The biggest and most controversial part of the Apple news conference on Tuesday involved the new iPhone X's powerful facial-recognition capabilities. It made me think of a long-gone reporter at 6ABC's Action News, Hank Sperka, a blunderbuss of a guy who, when asked to show his ticket at the door of a posh party, famously said "I don't need a ticket — my face is my ticket!"
Apple's novel FaceID system, built into the brand new iPhone X, may be similarly exploited — to help you gain entrance to theaters and pay for groceries. And with almost half of our populace's personal information now compromised by the horrifying hack of the Equifax database, a super-sophisticated face recognition system might also become the best line of defense for consumers when they're charging merchandise online or trying to update a financial account.
The system could replace the no-longer-secure "What's the last four digits of your social security number?" and "What's your mother's maiden name?"
FaceID also promises to be far faster than today's "two-step" verification system which involves requesting — and then entering — a special code number to a user's device.
But some — like tech-savvy and privacy-focused Sen. Al Franken — are wondering: Do we really want Apple to act as our surrogate parents, and take on this security role?
On the surface, it seems Apple has done its homework here, maybe more so than Samsung, whose face recognition system is featured in its brand new Galaxy Note 8, which hits stores on Friday. In decent lighting, the Note 8 has done well for this tester, recognizing me with glasses off or on. But when sitting in the relative dark at the recent Billy Joel ballpark concert and hoping to snap some shots, I was able to unlock the phone with Samsung's face ID method only if I had my glasses off, the state in which I'd originally registered my face.
Apple's face recognition system generates its own illumination — throwing out 30,000 pinpoint beams of infrared light to measure the contours of your face. The light then bounces back and is captured by a special infrared-light-measuring camera on the phone, processed in milliseconds by an on-board high-powered chip.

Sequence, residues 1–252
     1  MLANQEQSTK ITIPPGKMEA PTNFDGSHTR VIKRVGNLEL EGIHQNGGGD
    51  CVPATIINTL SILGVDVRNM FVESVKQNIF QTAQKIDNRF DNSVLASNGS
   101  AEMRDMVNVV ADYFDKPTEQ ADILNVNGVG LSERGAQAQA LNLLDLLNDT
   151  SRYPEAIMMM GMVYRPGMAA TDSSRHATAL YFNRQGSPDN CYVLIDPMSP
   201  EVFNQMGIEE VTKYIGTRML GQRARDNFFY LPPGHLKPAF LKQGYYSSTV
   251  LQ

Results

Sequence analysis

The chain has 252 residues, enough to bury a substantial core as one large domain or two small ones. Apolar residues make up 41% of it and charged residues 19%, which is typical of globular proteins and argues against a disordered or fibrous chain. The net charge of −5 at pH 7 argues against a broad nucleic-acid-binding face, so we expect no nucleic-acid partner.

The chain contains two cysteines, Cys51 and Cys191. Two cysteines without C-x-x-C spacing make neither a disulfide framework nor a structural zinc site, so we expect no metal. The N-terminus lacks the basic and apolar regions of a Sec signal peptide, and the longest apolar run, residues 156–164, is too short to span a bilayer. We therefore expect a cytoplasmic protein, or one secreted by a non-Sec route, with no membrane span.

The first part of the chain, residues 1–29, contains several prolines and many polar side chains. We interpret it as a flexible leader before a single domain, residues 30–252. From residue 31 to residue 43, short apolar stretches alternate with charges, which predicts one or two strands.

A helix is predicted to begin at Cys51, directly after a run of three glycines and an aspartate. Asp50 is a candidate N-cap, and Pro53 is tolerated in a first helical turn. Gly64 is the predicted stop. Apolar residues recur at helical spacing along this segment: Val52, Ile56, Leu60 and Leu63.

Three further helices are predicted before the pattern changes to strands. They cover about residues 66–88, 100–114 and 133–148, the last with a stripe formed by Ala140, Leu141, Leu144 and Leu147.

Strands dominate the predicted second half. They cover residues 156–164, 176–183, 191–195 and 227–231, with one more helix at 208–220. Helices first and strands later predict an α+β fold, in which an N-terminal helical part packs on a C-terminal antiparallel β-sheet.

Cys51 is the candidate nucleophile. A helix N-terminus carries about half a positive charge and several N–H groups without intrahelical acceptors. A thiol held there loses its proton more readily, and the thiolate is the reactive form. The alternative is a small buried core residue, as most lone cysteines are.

Apple says the system is so smart it can identify you not only if your glasses are on or off, but also if you've changed your hair color or style, are wearing a hat or have been sobbing all night and developed bags under those eyes! And it won't be spoofed by a one-dimensional photo or even a three-dimensional mask.
Still, suspicious minds like Franken's are pressing Apple to explain to the American public how the FaceID tech will affect consumer privacy and security.
In a letter sent Wednesday night to CEO Tim Cook, which you can read here on Franken's website, the senator said he was "encouraged by the steps that Apple states it has taken to implement the system responsibly," but cautioned that "substantial questions remain."
While Apple has stated that all faceprint data will be "stored on the individual's device as opposed to being sent to the cloud," Franken is wondering if it's possible "either remotely or through physical access to the device, for Apple or a third party to extract and obtain usable faceprint data from the iPhone X."
And "is there any foreseeable reason why Apple would decide to begin storing such data remotely?"
He also ponders if Apple might share faceprint data with a "commercial third party." Could happen. Apple has said that the system will be used to unlock third-party apps such as 1Password, E*Trade, and Mint.
The senator asked if the recognition system is sufficiently trained to avoid "racial, gender or age bias." And "what safeguards has Apple implemented to prevent the unlocking of the iPhone X when an individual other than the owner of the device holds it up to the owner's face?"
And finally, challenging Apple to the core of its personal privacy values, he ponders "how will Apple respond to law enforcement requests to access Apple's faceprint data or the FaceID system itself?"
As the most outspoken figure on the Senate Privacy Subcommittee, Franken has pushed several companies on the value and threats of new technology. He questioned phone companies over fingerprint ID, a useful feature now built into lots of devices. And he fought off a proposed Google Glass app called Name Tag, which would have let strangers get people's very personal information by looking at them through the special eyewear.